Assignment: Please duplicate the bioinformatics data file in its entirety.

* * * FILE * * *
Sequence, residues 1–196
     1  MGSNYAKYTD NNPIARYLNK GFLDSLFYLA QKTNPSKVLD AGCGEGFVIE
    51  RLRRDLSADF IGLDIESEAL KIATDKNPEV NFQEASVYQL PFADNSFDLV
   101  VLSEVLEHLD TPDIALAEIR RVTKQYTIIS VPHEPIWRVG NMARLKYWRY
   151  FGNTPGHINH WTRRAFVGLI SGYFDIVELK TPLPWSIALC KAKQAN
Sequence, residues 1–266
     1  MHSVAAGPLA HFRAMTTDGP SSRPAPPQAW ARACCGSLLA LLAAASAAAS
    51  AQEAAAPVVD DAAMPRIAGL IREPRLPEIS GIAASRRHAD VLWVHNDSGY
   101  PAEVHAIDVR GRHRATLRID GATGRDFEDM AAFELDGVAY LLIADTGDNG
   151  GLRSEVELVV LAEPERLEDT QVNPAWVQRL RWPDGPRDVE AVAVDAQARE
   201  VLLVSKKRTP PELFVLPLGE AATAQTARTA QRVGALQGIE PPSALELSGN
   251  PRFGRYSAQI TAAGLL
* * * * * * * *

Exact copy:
Sequence, residues 1–196
     1  MGSNYAKYTD NNPIARYLNK GFLDSLFYLA QKTNPSKVLD AGCGEGFVIE
    51  RLRRDLSADF IGLDIESEAL KIATDKNPEV NFQEASVYQL PFADNSFDLV
   101  VLSEVLEHLD TPDIALAEIR RVTKQYTIIS VPHEPIWRVG NMARLKYWRY
   151  FGNTPGHINH WTRRAFVGLI SGYFDIVELK TPLPWSIALC KAKQAN
Sequence, residues 1–266
     1  MHSVAAGPLA HFRAMTTDGP SSRPAPPQAW ARACCGSLLA LLAAASAAAS
    51  AQEAAAPVVD DAAMPRIAGL IREPRLPEIS GIAASRRHAD VLWVHNDSGY
   101  PAEVHAIDVR GRHRATLRID GATGRDFEDM AAFELDGVAY LLIADTGDNG
   151  GLRSEVELVV LAEPERLEDT QVNPAWVQRL RWPDGPRDVE AVAVDAQARE
   201  VLLVSKKRTP PELFVLPLGE AATAQTARTA QRVGALQGIE PPSALELSGN
   251  PRFGRYSAQI TAAGLL